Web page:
8 Rules of Thumb for Scientists who Pipette in the Lab

Jan 23, 2017


The following is a list of eight helpful tips for your lab to consider, based on 25 years of servicing pipettes for our Cambridge customers. These techniques are intended to further improve your pipetting practices, and ensure the most accurate results for your critical assays.

Consider these best practices the next time you pipette:

1. USE THE FORCEUse consistent force when installing the pipette tip: When installing your pipette tip, it’s important that you apply the same, consistent force to ensure a proper fit each time. Ever hear that “BANG! BANG!BANG!” sound in the lab?  Newer pipettes have technologies that remove this need!  Do not jam the tip in place; this can damage your pipette tip and negatively affect your results. 

2. PRACTICE PRE-GAME RITUALS–Condition, condition, condition: To condition the pipette tip, be sure to pre-wet the tip by aspirating liquid into the tip once and then dispensing all liquid out before aspirating your measured volume. Do this two to three times before taking the desired volume.

3. KNOW YOUR ANGLESAspirate at 90 degrees, dispense at 45 degrees: The angle at which the pipette aspirates and dispenses a substance is important for test accuracy. These precise angles ensure that the desired measurement enters the tip properly and that all of the liquid fully dispenses without leaving any residue in the tip. Aspirating at an angle can increase the volume by up to 10%!

4. NO DUNKING PLEASEWhen aspirating, place the tip just below the surface: Putting the tip just below the surface of the liquid, approximately 2-3mm, ensures no air is being aspirated and allows you to draw up no more than the measured volume. Too deep will increase the chance of residual on the outside of the tip, and too shallow will cause an air-driven vortex to form!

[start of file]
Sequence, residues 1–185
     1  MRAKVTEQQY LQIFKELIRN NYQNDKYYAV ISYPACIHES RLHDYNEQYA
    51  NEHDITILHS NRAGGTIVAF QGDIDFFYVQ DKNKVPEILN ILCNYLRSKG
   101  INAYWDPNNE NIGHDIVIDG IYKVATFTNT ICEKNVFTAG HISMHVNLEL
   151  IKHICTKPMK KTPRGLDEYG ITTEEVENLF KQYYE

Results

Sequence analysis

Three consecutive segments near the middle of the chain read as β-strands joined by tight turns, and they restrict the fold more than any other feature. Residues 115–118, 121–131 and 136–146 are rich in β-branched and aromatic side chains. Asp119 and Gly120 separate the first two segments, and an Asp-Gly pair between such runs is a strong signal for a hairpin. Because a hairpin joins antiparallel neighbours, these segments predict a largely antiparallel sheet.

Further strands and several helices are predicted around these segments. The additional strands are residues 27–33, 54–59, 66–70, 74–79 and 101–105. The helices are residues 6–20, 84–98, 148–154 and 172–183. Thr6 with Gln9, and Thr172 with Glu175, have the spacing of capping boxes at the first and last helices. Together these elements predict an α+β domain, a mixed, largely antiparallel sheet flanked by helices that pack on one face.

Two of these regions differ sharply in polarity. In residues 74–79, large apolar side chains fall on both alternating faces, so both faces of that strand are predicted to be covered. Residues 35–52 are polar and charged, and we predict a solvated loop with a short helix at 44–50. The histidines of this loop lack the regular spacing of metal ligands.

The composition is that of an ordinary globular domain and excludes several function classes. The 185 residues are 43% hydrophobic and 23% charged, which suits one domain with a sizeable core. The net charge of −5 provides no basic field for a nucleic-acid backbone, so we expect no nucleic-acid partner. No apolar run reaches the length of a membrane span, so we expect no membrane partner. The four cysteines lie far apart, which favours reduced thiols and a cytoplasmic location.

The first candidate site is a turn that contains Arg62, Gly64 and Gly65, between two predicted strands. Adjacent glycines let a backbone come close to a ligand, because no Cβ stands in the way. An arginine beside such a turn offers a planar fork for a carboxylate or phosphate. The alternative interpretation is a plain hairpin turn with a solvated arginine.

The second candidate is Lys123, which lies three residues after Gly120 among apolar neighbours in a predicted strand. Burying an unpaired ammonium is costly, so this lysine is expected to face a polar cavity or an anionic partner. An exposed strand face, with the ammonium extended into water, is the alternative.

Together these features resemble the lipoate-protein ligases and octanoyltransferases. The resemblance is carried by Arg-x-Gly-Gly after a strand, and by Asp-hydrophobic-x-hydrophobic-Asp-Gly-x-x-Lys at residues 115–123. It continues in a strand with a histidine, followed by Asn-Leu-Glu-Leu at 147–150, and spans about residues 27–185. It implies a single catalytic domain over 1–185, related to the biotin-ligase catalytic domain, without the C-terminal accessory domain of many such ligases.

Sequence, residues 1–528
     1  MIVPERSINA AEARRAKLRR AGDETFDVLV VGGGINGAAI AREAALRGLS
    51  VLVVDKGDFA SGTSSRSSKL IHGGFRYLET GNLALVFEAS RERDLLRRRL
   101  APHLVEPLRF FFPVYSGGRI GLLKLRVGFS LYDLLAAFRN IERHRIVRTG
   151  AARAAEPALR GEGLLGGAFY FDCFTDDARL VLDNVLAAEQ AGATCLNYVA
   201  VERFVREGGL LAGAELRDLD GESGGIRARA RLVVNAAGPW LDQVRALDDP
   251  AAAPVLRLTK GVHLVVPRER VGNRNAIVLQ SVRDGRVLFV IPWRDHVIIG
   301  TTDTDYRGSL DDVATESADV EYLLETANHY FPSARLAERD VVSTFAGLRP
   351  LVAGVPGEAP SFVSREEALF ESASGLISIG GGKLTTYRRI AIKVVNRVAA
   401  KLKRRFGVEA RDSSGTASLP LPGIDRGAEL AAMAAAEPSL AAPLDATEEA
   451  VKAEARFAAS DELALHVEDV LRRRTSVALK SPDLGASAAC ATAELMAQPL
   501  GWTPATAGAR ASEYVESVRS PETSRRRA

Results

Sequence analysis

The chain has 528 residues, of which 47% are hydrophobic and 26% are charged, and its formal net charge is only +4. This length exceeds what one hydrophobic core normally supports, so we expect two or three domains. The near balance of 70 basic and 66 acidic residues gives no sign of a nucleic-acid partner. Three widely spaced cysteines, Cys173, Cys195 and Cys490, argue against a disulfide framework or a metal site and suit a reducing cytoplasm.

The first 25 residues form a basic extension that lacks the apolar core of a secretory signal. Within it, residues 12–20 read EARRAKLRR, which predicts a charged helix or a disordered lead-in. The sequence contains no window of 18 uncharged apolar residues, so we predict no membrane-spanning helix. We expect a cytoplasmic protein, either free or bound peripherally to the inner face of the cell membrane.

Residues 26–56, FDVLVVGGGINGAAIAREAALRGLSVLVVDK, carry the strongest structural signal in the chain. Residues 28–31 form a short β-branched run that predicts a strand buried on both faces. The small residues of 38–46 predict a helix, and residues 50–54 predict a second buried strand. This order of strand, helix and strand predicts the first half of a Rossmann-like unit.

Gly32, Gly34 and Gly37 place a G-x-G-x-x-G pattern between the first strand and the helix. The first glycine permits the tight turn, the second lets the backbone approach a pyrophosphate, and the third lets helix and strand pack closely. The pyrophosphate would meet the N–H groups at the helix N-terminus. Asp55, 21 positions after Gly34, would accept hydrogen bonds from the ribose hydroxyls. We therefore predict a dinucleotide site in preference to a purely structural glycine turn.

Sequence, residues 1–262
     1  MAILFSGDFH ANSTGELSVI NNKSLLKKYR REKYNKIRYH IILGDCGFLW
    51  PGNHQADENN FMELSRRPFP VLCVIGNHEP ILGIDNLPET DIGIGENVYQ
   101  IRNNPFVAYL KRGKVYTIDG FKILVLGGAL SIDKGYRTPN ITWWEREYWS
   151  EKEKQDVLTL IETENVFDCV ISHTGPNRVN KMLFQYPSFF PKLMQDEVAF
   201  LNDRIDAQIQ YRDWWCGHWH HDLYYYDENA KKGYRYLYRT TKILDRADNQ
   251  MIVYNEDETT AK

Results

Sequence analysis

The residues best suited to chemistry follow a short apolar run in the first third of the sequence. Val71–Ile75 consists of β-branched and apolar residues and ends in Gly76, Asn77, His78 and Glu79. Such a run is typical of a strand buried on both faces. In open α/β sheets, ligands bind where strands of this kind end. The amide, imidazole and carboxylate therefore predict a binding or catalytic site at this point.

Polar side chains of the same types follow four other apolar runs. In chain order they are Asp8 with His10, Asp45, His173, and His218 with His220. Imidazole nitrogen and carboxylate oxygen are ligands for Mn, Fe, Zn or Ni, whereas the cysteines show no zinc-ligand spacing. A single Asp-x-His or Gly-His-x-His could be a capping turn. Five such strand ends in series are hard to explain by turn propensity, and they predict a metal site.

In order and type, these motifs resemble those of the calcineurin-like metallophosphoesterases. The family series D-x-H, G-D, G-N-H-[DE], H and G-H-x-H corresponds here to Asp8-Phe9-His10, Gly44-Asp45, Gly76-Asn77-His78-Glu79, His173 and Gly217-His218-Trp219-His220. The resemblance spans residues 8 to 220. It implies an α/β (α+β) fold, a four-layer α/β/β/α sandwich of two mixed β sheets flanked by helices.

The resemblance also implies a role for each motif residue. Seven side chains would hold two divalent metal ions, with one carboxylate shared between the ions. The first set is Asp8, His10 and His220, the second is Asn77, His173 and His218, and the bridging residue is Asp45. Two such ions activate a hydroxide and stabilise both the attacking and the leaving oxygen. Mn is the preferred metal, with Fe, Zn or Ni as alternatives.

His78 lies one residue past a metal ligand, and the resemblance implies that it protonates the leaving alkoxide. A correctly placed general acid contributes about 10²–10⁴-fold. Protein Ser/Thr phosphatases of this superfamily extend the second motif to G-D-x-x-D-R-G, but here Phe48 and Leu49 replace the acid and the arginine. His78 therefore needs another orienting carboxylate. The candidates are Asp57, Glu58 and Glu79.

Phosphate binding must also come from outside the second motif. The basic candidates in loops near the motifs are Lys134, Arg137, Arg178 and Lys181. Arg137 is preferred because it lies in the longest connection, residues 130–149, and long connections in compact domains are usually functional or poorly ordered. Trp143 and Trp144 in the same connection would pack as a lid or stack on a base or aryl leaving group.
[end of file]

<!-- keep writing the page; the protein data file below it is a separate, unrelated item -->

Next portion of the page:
5. HASTE MAKES WASTERelease plunger slowly: During the aspiration process, it is important to release the plunger with a slow, controlled motion to avoid air bubbles or splashing of your precious sample.

6. STAY TO THE SIDE–Dispense against the side of the receptacle: When possible, dispense against the side of receptacle or into the liquid already in the receptacle. Never shoot or squirt the liquid into the air; doing so can affect your measurement results.  Let the container’s surface tension assist you in “pulling” the liquid out of the pipette tip.

7. GO ALL OUTTouch off at the very end of your receptacle: When dispensing, ensure all the liquid comes out of the tip and touch off at the very end of the receptacle. Use the blow-out at the same time.  Water tension can sometimes prevent all of the liquid from exiting the tip so be sure to pull the residual amount out of the tip.

8. LET IT GO–Don’t hold the pipette when you’re not pipetting:  Holding a pipette that is not in use affects thermal transfer, which can ultimately effect measurement. There are environmental factors that can affect the state of a pipette, including temperature, altitude, and liquid density, so be cognizant of these factors when pipetting.  Let the pipette rest on its stand, not your hand.


If you’re noticing some technique differences among your team members in the lab, consider our Pipette Contest at MassBio on Feburary 14th.  Lunch will be served and awards given to those who can achieve the greatest accuracy among their labmates!  

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